Tenants in Texas have the right to “repair and deduct”—that is, to hire a repair person to fix a serious problem with a rental unit and deduct the cost from your rent. There are some caveats, however. In most cases, your rental must be inspected by a local housing, building, or health official before you can legally repair and deduct. They must notify the landlord, in writing, that the condition threatens your health or safety.
Once you've done that, keep in mind that there are a few more legal restrictions:
- The total cost of the repair cannot exceed one month’s rent or $500, whichever is greater.
- You're going to need to provide your landlord with a copy of the repair bill and the receipt for its payment along with the rental payment that remains after the deduction.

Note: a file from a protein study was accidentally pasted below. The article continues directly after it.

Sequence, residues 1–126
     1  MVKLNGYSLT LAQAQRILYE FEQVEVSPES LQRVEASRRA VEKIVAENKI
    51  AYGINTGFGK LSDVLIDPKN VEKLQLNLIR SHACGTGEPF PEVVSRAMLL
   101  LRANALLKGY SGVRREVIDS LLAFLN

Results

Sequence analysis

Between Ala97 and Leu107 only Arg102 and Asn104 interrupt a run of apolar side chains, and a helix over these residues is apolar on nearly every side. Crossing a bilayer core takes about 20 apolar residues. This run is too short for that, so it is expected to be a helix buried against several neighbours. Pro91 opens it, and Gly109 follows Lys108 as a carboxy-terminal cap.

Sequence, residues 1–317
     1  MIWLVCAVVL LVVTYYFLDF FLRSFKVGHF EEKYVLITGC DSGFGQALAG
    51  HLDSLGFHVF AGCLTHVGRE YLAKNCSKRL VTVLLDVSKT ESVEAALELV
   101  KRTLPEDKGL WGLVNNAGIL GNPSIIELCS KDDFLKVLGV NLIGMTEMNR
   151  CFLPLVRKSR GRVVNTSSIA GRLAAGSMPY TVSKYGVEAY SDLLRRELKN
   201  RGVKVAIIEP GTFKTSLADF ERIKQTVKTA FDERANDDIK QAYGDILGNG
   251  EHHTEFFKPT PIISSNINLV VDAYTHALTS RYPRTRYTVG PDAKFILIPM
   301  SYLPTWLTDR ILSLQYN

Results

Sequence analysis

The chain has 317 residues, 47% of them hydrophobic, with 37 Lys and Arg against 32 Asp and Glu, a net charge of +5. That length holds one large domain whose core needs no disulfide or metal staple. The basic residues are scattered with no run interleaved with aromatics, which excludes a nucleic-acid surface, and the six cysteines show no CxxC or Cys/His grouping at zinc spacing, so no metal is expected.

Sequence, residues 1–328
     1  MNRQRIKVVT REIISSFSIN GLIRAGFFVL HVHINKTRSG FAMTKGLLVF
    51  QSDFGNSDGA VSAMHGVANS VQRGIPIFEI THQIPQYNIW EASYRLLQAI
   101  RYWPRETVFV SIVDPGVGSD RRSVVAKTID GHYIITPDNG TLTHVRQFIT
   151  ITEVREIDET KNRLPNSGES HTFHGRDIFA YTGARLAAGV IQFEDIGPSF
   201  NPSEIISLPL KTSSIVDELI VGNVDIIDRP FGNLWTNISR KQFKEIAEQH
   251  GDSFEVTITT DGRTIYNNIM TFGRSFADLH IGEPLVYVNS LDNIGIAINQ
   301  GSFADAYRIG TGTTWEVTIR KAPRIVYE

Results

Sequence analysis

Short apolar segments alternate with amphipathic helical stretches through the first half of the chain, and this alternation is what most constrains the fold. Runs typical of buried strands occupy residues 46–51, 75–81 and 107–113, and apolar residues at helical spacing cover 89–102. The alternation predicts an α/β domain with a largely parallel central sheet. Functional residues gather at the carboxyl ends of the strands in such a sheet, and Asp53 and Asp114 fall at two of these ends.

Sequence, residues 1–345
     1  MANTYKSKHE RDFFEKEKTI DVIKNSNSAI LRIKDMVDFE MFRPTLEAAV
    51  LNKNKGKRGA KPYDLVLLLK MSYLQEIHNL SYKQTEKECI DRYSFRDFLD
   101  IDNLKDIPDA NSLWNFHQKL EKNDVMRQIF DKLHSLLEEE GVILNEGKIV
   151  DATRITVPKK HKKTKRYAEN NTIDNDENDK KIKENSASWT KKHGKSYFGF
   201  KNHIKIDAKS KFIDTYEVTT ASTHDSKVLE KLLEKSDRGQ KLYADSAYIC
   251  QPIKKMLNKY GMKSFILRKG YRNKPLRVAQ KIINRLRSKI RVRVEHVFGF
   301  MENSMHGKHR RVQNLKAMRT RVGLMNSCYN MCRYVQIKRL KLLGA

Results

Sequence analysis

- Your can't hire a professional repair person if the landlord gives you an affidavit (a sworn statement) explaining the reasons for the delay before you find a contractor.
- Repairs must be made by a professional, not by you yourself. If you want to get a friend or family member to make the fix, then you need to get special approval from your landlord beforehand.
Make sure you're very familiar with state laws concerning the repair and deduct process before you get started—otherwise, you could find yourself in legal hot water.
The information provided on this website does not, and is not intended to, constitute legal advice.